Need a boost of bravery? Get inspired as Ben drives off zombies in Night of the Living Dead. Want to celebrate curiosity? Be more like Bambi. Going for gratitude? Watch Morgan Freeman and Jack Nicholson escape a cancer ward to road trip their way through The Bucket List.
Focusing on positive psychology and character virtues, Lyseng and Nemutambwe illustrate how a slight shift in our movie-watching habits can contribute to our overall mental health. They also share their top movie picks tied to a whole range of character strengths – from resilience and gratitude to hope and humour – that can help us overcome adversity and flip the script on the challenges we face.
Here are a few of their tips to make the most out of your next movie-watching experience:
1. Choose carefully
Lyseng suggests thinking about what you need more of in your life. Hankering for some hope? Give Milk a watch. Need to remind yourself of your love of learning? Get inspired by the brilliance and creativity of three black female scientists who worked at NASA during the space race in Hidden Figures. Want to focus on leadership? Black Panther is perfect.
Seeing a character grapple with their issues, she explains, can help us learn something from their struggle while watching something nostalgic can help us feel comfortable and safe during times of uncertainty.
2. Check your motivation
Are you making a conscious decision to enrich your life, or are you numbing out from something? Choosing a movie to help guide and inspire you is a positive choice, says Lyseng, but pressing play to avoid an impending deadline or a difficult conversation can just lead you toward feelings of guilt or dread.
3. Make sure you’re actually watching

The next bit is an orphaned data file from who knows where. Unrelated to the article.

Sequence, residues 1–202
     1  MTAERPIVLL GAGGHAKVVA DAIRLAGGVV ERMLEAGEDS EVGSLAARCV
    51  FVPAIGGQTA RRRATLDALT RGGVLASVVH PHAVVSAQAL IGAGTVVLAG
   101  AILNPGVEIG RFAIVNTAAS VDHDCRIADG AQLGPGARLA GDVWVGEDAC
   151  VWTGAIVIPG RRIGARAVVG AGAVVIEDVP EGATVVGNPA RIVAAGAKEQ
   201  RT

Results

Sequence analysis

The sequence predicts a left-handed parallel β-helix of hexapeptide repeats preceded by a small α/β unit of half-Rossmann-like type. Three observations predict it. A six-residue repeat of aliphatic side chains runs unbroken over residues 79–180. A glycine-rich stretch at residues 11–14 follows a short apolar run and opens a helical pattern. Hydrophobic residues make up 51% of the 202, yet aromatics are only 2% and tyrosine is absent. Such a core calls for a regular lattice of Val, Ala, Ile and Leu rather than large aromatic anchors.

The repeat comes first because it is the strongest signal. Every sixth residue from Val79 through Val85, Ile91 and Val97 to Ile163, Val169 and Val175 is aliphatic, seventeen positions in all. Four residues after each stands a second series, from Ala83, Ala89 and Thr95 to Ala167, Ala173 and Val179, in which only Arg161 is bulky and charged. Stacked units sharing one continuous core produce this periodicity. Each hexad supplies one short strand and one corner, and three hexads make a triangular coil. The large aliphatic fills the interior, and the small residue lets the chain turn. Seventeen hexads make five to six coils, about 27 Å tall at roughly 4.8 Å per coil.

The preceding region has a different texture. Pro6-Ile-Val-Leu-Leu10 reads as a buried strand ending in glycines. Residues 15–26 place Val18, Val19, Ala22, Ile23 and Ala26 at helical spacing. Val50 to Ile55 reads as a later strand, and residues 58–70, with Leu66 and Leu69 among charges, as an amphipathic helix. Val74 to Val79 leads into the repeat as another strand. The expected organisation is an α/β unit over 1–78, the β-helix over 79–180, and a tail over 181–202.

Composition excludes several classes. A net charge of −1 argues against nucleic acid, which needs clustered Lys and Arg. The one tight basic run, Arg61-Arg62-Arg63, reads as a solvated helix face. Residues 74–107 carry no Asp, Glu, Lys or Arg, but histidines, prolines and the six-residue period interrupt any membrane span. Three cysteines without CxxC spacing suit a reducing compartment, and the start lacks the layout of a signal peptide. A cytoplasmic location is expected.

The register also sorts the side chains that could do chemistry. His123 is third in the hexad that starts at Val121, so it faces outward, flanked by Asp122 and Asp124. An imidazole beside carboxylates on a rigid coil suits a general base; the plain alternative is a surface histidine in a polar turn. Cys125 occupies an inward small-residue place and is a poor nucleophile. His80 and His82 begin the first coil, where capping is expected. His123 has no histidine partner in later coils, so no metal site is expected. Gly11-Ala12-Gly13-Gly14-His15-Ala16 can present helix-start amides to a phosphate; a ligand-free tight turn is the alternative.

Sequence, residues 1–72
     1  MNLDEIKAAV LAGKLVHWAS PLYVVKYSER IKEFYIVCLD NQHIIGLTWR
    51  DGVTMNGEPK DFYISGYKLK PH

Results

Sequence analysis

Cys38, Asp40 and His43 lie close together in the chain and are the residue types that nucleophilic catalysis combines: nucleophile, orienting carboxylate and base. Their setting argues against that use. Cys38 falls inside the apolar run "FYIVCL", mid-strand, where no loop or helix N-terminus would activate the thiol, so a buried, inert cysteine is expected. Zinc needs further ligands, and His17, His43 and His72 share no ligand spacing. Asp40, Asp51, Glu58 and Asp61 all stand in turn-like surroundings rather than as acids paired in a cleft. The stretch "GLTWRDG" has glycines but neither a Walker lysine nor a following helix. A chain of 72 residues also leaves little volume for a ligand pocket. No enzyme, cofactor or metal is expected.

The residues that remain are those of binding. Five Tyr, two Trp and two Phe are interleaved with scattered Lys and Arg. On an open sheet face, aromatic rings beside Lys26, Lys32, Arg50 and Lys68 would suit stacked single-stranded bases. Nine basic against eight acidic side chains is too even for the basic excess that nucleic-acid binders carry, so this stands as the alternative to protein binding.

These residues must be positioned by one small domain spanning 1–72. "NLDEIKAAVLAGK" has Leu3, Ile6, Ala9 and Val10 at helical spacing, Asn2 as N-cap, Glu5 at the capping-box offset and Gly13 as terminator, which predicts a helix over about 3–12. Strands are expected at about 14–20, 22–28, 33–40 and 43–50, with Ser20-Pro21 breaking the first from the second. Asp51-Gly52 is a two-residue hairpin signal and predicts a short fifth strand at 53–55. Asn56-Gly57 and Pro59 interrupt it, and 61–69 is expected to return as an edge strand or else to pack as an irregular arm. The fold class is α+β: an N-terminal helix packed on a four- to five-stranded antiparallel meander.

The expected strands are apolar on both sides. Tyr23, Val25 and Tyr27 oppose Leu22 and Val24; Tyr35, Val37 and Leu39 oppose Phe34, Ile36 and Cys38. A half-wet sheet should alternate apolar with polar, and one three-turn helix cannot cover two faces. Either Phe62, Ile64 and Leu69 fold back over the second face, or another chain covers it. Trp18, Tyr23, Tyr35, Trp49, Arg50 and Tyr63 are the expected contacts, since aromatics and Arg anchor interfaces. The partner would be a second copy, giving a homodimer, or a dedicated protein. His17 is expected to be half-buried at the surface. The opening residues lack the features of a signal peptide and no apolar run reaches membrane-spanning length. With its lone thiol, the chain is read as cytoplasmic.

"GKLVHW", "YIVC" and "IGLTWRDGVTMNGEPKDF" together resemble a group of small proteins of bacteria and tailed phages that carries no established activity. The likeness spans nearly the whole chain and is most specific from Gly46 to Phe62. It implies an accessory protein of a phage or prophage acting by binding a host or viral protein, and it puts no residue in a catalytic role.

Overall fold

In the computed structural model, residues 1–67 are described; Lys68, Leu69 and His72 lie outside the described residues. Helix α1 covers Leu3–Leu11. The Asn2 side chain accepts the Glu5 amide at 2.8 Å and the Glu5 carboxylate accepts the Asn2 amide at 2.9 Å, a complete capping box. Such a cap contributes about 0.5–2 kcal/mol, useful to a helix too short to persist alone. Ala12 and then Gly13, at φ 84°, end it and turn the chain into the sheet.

Rather than mindlessly scrolling through your social media feed with Scream playing in the background, make sure you’re mindful. Lyseng says that paying close attention and taking in what you’re watching means you won’t miss the lessons your favourite horror flick has to impart about the value of being prudent and cautious. Look for characters’ strengths, notice the emotions you’re feeling, and pay attention to the moments when you get the chills or warm fuzzies, she suggests.
4. Go beyond the credits
Your work isn’t finished when the credits start rolling. After the movie, take a moment to think about what resonated with you and what you can take away, suggests Lyseng. “And for bonus points, discuss your perspective on the movie with a friend to deepen your reflection and your sense of connection to others.”
We’re still here for you
Any student currently enrolled in a credit course can access free, professional telephone and video-counselling through Wellness and Psychological Services.
This story is part of Changing Minds: Creating a healthy campus – an initiative that makes mental health a priority. The program connects training opportunities, support services, resources and stories from real people across the MacEwan University community.
We acknowledge that the land on which we gather in Treaty Six Territory is the traditional gathering place for many Indigenous people. We honour and respect the history, languages, ceremonies and culture of the First Nations, Métis and Inuit who call this territory home.